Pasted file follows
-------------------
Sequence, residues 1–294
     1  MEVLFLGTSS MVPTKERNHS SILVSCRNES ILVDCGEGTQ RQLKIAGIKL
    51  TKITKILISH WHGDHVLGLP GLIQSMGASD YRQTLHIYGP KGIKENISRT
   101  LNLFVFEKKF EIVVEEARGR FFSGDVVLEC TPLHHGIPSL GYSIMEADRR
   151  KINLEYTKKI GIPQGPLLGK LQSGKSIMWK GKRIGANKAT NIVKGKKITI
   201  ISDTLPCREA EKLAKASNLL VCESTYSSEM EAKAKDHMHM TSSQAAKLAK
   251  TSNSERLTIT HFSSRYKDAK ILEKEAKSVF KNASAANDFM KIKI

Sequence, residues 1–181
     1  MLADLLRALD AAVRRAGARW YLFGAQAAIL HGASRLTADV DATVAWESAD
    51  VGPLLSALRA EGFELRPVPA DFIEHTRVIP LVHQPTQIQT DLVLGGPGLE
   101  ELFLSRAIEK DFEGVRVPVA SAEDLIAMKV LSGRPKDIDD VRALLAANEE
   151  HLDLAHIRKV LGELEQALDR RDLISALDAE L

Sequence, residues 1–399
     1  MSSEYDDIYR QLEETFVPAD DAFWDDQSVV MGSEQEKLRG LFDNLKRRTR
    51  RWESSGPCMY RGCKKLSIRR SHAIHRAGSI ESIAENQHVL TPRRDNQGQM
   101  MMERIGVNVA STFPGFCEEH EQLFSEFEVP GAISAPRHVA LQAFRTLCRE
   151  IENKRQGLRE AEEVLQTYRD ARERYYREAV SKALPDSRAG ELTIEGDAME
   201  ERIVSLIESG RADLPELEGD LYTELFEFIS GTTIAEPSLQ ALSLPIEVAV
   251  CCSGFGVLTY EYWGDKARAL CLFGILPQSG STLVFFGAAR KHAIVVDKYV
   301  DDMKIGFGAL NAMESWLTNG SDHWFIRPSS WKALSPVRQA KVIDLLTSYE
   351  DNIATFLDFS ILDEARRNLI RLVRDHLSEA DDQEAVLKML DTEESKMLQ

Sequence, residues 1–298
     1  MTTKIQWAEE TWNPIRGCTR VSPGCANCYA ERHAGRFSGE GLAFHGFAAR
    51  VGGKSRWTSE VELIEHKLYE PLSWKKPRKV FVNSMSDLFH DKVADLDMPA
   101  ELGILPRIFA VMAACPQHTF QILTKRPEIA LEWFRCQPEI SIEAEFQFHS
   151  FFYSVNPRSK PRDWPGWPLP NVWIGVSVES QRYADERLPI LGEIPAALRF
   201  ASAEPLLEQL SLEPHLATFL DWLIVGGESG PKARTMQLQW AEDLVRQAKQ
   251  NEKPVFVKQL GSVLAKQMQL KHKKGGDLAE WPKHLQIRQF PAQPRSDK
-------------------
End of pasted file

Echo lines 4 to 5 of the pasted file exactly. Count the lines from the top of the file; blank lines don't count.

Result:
   101  LNLFVFEKKF EIVVEEARGR FFSGDVVLEC TPLHHGIPSL GYSIMEADRR
   151  KINLEYTKKI GIPQGPLLGK LQSGKSIMWK GKRIGANKAT NIVKGKKITI